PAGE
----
Well... what is the difference between ceramic and porcelain and bone china? The answer is... not a lot in terms of ingredients but there is a difference in the way they are fired. Porcelain is a type of ceramic and after it is fired, a test is made to determine the porousness of the material. The material is weighed. Then it is boiled in water for 5 hours and then submerged under water for 24 hours. When it is pulled out, if the weight has increased less than 0.5% it is called porcelain. Porcelain is usually made out of a slightly different mix of materials than general ceramic but it all comes down to density and how much water the material absorbs. Bone china is a soft-paste porcelain. It is not fired as hot so it is less dense and one has a wider range of decorative options with it than hard-paste porcelain. [16]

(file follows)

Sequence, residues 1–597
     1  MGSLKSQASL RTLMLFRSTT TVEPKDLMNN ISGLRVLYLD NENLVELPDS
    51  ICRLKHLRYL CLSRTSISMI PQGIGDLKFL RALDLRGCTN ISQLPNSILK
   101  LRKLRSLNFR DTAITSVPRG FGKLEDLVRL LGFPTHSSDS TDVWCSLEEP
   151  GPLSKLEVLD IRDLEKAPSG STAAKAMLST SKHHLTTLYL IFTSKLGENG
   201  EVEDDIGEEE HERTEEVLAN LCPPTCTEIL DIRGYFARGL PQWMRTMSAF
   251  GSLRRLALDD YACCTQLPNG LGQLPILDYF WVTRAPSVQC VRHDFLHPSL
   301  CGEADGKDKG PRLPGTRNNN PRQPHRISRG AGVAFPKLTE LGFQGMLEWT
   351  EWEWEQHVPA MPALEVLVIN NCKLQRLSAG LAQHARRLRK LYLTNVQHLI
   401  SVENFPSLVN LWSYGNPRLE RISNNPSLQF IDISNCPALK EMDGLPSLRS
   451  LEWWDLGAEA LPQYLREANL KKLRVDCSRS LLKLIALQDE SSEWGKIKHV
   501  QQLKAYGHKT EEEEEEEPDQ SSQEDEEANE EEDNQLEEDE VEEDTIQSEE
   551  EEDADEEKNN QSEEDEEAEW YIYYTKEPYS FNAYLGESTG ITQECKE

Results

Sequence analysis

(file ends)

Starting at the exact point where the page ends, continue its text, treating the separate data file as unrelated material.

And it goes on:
This Year in Wikipedia

Year 1708, Wikipedia.

See Also


  1. A Brief Chronology of the House of Commons.
  2. Scottish Militia Bill - Wikipedia (2015). Retrieved on 12 January 2016. “The Scottish Militia Bill (known formerly as the Scotch Militia Bill) is the usual name given to a bill that was passed by the House of Commons and House of Lords of the Parliament of Great Britain in early 1707. However, on 1 May 1707, Queen Anne withheld royal assent on the advice of her ministers for fear that the proposed militia created would be disloyal.”
  3. Royal assent - Wikipedia (2016). Retrieved on 12 January 2016. “Royal assent is the method by which a country's constitutional monarch (possibly through a delegated official) formally approves an act of that nation's parliament, thus making it a law or letting it be promulgated as law. In the vast majority of contemporary monarchies, this act is considered to be little more than a formality; even in those nations which still permit their ruler to withhold the royal assent (such as the United Kingdom, Norway, and Liechtenstein), the monarch almost never does so, save in a dire political emergency or upon the advice of their government.”